Too Poor To Exist, To Brown to Matter

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Status: In Progress  |  Genre: Memoir  |  House: Booksie Classic

The wailing of a child in hunger, the silent weeps of utter hopelessness coming from the bosom of its protector, weak and frail herself, wordlessly pleading in desperation, not for herself, but for her starving child.

TOO POOR TO EXIST, TOO BROWN TO MATTER

By Al Garcia

The wailing of a child in hunger, the silent weeps of utter hopelessness coming from the bosom of its protector, weak and frail herself, wordlessly pleading in desperation, not for herself, but for her starving child. 

There is an inborne trait in man to protect and shield the weakest, the frailest and most innocent among us – the children.  To see a child suffer for any reason anywhere can break a human heart.  To see a child die simply because it was too poor to live, defies the decency of man.  Even in the wild, nature has bestowed upon the beast of every kind the instinct to protect and shield its young.  So why have we, the human race, become immune?

Across my river that stretches beyond the borders of my lush and wonderous Rio Grande Valley, there exists a world unlike my own.  A place where hunger, pain and discontent flourish like the wild bluebonnets that bloom and thrive along the fields and roadsides that define and isolate me from the darkness and despondency that life can tender.  Had nature placed the river further up along the valley’s fields and hills, I might have found myself without the hope and dreams and purpose now bestowed on me, simply because I live this side of paradise.

And growing up I saw the children brought across the flowing waters of the Rio Grande.  Little brown children, wide-eyed with wonderment and awe at the sights and sounds of a land beyond their imagination much less their understanding.  And I watched, and I wondered, what made them different than me, because you see, I was also a child, and also brown.

The difference I eventually found out, was that the USofA had certified me.  I had been stamped like a piece of prime beef with the federal stamp of approval – I had been born in the USofA.  That was the only difference.  Other than that, the children that I saw in the cotton fields picking cotton alongside their parents, hauling heavy bags behind them, sweating and struggling like beasts of burden, were just like me.  The only difference was that they were born in the wrong place at the wrong time and were too poor and too brown to matter.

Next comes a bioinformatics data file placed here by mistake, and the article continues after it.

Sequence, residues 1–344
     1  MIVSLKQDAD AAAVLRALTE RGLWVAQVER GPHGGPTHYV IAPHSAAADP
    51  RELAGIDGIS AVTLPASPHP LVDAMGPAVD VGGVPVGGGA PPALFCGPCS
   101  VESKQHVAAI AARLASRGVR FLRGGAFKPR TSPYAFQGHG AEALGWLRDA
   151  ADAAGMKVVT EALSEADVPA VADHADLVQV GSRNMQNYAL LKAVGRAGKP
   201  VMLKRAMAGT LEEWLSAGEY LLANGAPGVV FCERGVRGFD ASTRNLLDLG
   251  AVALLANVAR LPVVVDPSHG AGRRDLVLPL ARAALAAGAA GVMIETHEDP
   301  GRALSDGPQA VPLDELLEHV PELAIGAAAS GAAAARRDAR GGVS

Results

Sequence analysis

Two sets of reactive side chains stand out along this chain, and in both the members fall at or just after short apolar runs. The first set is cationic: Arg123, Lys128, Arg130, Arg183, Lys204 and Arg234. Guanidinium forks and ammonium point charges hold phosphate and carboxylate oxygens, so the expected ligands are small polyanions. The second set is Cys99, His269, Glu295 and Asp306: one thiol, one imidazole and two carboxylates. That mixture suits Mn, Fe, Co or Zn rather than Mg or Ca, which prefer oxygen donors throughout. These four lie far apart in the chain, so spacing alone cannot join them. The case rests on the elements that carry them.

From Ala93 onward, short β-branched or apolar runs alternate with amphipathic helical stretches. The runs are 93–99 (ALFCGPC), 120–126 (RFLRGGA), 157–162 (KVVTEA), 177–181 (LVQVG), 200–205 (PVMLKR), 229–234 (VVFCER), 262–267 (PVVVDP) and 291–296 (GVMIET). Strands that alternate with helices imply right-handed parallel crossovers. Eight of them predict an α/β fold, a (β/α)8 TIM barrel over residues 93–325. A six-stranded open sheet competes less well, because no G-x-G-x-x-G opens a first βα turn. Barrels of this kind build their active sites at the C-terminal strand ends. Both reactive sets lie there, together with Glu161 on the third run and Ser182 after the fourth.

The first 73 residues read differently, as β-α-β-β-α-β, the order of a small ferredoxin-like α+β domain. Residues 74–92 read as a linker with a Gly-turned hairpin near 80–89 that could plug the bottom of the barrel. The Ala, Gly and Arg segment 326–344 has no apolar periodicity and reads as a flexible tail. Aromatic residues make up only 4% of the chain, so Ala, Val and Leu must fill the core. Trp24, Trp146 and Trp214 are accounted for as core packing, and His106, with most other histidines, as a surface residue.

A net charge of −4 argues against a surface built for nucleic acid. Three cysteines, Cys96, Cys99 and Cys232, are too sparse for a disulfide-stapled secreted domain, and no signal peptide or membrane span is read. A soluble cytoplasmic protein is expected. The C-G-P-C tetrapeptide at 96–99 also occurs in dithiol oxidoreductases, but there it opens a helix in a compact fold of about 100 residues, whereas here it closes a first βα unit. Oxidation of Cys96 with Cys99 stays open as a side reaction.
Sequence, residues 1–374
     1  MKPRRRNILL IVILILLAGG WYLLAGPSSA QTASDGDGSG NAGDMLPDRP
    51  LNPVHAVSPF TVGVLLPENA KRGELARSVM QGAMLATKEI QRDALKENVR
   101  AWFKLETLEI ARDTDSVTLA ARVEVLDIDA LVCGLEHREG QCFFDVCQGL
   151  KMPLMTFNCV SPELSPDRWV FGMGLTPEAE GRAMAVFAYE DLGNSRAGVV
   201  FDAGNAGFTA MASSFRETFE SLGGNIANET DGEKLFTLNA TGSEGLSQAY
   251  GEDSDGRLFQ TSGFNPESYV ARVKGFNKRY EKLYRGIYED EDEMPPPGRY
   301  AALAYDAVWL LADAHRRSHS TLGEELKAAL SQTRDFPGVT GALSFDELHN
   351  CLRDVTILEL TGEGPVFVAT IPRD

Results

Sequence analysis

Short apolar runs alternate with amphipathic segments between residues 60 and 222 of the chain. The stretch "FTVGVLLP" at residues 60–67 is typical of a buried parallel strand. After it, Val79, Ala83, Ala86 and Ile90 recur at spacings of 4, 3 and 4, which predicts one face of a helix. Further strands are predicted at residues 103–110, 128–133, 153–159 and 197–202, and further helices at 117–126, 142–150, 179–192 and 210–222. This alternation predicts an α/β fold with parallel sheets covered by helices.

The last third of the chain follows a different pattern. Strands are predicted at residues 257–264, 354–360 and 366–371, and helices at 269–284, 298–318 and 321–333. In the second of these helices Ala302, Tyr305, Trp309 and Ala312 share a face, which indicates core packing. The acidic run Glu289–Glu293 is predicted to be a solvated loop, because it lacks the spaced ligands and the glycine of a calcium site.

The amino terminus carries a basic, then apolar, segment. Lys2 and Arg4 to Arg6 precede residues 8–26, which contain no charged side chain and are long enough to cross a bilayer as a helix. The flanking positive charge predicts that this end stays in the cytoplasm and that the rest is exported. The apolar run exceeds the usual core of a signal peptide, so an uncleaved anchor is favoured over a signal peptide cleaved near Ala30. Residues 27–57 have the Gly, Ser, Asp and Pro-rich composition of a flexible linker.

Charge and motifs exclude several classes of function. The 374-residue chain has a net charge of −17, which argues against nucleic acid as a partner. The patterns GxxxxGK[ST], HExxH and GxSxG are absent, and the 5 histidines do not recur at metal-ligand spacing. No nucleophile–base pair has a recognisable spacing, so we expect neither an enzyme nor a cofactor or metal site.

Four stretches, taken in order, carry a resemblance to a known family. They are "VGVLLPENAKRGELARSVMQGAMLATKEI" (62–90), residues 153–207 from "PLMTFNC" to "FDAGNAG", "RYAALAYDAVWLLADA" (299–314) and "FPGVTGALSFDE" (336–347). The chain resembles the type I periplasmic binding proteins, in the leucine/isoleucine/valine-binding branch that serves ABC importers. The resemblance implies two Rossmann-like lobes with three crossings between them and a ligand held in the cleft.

Yet America used them and abused them.  They were our trained beasts of burden.  These were the children too poor to exist and too brown to matter. 

And I saw it, and I turned my head like all the rest, simply because I was a lighter shade of brown and born in the USofA.

And I returned to being child, playing childish games, and thinking myself better than my fellow man, simply because I was born on the right side of a river.


Submitted: May 22, 2021

© Copyright 2021 A.Garcia. All rights reserved.

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Comments

moa rider

There are many reasons for what you describe Al, and no excuses that stand up. Usianguke

Sun, May 23rd, 2021 12:06am

Author
Reply

I was brought up in a very loving family. We were poor, but our parents taught us what counts the most -- respect, courtesy, compassion. They worked and struggled their entire lives to give us a bit of their dreams. They instilled in us a passion for learning, and nurtured our imaginations. Today we are fulfilling and living their dreams.

I was afraid no one would read this because of its length. So, thank you for taking your time to see a bit of my life growing up along the Rio Grande, way back then . . .

Sat, May 22nd, 2021 5:34pm

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